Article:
Attitudes about coronavirus vaccines vary significantly by race, and this disparity could prove a major challenge in protecting people’s lives. Although 71 percent of Black Americans know someone who has been hospitalized or died of covid-19, a recent survey by Pew Research Center reveals only 42 percent say they would get such a vaccine if it were available today. This number is low when compared to over 60 percent of White and Hispanic adults who say they would immediately take the vaccine.
This may come as a surprise to many since Black Americans have been among the hardest hit by covid-19. Black people in the United States are 1.4 times as likely as non-Hispanic Whites to contract the disease, and 2.8 times as likely to die of it. At the beginning of the pandemic, Black Americans were also more likely to be laid off than Whites and have had a harder time finding employment as the economy slowly recovers.
But suspicion of the coronavirus vaccines among many segments of the Black population is tied to a widespread lack of trust in mainstream medicine. The root of the problem lies not in Black communities themselves, but in a medical system that has historically dehumanized them and continues to do so. The result is that the history of medical racism in the United States presents a significant barrier to anything approaching equitable care in the present and future.
This history of medical racism is often shorthanded to a single word: Tuskegee. For 40 years the United States Public Health Service, working with the Tuskegee Institute in Alabama, tracked the progression of untreated syphilis in poor Black men, even after effective treatments for the disease became available — an appalling ethical violation that cost Black people their lives. News coverage in 1972 drew attention to the study, and the resulting public pressure brought it to an end. But the Tuskegee study is just one of the more recent and well-known episodes in the centuries-long history of medical neglect, abuse and exploitation of Black Americans.
The exploitation of Black people in the future United States began the moment enslaved Africans first disembarked on these shores, and the medical abuse of the enslaved was inextricably linked to their bondage. Doctors plied their trade in the slave quarters of Southern plantations to protect the slaveholder’s bottom line, rather than to ensure the well-being of the enslaved, and the cures they offered were often worse than the diseases they aimed to treat. In return, they got to practice their craft on non-consenting patients with no access to legal remedies should they be harmed in the course of treatment, as many were.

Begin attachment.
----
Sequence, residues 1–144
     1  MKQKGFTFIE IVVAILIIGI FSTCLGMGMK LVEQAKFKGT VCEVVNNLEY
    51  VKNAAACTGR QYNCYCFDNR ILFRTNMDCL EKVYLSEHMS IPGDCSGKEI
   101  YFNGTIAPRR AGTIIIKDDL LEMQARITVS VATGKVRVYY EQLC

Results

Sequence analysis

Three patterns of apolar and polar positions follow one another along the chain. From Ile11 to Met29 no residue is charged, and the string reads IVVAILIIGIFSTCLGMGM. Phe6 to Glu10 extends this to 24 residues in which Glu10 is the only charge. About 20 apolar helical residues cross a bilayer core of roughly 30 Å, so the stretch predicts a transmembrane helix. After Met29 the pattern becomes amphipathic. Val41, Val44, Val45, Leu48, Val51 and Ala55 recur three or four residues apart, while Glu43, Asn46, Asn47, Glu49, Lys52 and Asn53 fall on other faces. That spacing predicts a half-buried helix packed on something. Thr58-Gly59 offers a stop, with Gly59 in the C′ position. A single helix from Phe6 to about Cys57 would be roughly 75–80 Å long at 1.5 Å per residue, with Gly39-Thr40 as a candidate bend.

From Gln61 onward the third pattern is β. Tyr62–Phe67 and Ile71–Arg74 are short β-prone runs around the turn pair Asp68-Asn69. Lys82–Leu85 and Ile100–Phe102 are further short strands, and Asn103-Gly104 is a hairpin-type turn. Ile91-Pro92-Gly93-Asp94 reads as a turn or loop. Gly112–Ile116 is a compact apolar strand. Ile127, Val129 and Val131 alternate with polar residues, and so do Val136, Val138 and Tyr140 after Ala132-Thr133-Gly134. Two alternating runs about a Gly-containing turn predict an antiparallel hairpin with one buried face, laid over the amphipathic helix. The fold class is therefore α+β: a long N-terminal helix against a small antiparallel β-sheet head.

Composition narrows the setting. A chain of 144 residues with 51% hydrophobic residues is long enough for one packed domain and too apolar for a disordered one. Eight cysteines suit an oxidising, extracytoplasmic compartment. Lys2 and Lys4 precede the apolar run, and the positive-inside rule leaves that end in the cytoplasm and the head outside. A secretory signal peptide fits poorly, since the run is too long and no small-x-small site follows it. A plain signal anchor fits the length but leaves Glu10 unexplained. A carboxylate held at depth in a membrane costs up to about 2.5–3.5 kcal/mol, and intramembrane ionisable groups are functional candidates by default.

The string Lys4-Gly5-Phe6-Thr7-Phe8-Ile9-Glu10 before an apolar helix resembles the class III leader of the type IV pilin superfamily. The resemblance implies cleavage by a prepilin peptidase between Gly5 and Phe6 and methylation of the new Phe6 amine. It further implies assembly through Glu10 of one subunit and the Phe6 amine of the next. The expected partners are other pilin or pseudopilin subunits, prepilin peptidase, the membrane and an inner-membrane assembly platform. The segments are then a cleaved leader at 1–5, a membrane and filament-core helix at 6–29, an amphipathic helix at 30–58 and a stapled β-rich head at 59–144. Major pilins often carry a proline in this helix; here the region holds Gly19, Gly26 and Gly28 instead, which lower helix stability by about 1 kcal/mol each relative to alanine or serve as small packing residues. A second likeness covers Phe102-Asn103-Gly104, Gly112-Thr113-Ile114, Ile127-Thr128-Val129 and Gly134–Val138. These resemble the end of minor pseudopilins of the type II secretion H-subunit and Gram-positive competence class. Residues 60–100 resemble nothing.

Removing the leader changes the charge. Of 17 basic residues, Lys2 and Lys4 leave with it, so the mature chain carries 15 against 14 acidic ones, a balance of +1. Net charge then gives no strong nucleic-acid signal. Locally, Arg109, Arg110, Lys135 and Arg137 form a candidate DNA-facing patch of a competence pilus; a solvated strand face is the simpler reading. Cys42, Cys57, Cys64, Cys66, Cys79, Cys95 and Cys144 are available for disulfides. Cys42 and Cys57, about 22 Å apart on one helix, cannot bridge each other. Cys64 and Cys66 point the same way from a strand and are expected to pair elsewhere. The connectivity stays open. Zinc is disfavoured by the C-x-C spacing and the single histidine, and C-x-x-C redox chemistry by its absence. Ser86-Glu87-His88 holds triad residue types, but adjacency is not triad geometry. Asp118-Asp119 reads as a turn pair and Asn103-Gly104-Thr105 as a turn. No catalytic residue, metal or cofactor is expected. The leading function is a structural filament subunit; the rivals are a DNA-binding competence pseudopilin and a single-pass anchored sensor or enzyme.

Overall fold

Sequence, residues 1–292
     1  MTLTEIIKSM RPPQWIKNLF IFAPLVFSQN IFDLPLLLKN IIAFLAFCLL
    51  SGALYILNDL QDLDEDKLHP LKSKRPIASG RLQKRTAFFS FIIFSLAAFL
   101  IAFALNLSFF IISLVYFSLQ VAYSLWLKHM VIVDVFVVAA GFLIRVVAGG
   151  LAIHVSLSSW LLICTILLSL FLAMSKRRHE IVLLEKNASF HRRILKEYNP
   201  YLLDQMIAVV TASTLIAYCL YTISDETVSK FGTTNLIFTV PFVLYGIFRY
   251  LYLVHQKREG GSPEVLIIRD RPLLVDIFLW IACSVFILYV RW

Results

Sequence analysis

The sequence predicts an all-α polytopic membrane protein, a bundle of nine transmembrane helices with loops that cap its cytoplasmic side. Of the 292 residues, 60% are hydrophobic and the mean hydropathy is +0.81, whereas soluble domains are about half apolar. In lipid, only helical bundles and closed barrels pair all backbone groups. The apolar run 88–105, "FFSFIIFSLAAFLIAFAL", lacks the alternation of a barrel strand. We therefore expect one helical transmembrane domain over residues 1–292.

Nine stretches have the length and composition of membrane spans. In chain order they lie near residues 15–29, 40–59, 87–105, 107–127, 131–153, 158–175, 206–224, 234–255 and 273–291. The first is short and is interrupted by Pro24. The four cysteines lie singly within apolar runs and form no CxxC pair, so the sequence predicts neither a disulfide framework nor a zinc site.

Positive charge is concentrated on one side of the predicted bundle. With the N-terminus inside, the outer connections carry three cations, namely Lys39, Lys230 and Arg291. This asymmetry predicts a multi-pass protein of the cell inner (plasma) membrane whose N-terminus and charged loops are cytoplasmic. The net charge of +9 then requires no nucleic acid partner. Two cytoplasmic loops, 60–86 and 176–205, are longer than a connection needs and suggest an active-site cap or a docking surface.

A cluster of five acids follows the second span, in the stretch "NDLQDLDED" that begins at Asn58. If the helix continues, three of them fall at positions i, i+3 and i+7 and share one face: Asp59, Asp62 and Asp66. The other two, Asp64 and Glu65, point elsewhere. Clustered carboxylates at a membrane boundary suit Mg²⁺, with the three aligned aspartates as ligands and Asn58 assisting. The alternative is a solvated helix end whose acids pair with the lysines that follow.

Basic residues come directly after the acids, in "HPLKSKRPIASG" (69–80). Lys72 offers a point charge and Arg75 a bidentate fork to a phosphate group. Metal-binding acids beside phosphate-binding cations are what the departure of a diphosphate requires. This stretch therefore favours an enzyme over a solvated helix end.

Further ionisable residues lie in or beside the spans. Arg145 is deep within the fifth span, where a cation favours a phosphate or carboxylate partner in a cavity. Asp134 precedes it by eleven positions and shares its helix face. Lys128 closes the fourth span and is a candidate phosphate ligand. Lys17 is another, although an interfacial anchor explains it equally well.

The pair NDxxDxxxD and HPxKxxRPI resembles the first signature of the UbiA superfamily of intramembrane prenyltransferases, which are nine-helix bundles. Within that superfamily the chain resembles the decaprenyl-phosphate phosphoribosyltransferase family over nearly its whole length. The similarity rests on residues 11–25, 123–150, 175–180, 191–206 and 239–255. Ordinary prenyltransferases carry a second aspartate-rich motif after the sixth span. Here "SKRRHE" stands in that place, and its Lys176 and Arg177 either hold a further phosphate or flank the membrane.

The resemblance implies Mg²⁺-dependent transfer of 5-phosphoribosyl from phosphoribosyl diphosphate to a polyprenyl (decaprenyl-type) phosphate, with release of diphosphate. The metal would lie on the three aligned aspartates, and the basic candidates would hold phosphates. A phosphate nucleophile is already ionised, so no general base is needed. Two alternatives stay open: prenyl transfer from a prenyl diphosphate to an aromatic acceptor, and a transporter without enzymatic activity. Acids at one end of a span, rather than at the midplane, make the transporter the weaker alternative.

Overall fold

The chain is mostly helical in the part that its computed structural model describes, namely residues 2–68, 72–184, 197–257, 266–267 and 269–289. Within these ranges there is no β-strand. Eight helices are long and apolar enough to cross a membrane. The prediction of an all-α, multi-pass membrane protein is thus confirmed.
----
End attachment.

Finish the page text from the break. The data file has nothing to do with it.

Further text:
For example, J. Marion Sims, the “father of modern gynecology,” developed his technique for repairing vaginal fistulae by experimenting on enslaved women, without anesthesia. In his autobiography he recalled operating one woman, Lucy, whose “agony was extreme”; another, named Anarcha, endured 30 such operations at Sims’ hands. (A statue of Sims remained on display in Central Park until 2018, when it was removed under public pressure.)
The medical abuse of Black people in the name of medicine continued even after their death. Medical colleges paid enslavers and grave robbers alike for bodies of the Black dead, which were then used to teach cadres of young doctors about human anatomy. This practice continued after the end of the Civil War, and stories of “night doctors” who murdered Black Southerners ran rampant amid the larger climate of post-bellum racial terrorism.